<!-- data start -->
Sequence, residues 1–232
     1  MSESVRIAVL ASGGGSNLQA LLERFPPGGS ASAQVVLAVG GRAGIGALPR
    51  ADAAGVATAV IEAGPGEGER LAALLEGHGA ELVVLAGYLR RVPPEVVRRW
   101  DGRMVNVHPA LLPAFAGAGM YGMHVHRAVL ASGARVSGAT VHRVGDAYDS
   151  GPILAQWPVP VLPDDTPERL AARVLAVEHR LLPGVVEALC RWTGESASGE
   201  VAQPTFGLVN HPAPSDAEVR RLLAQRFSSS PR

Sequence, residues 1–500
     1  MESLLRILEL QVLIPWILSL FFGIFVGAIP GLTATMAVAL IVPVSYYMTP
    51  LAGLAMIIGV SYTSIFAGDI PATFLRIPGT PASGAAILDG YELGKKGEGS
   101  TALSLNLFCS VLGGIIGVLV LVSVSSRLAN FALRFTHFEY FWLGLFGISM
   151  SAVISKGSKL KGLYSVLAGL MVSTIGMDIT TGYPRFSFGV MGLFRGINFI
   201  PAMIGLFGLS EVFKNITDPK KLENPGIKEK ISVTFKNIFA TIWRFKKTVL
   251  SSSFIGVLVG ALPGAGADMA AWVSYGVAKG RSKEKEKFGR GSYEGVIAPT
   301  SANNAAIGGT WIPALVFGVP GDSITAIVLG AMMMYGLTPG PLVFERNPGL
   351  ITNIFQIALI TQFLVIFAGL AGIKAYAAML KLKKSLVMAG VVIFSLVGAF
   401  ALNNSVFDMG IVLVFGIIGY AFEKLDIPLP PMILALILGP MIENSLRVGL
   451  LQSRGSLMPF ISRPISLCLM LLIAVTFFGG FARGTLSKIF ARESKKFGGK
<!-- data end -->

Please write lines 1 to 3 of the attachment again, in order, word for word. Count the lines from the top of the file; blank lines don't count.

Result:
Sequence, residues 1–232
     1  MSESVRIAVL ASGGGSNLQA LLERFPPGGS ASAQVVLAVG GRAGIGALPR
    51  ADAAGVATAV IEAGPGEGER LAALLEGHGA ELVVLAGYLR RVPPEVVRRW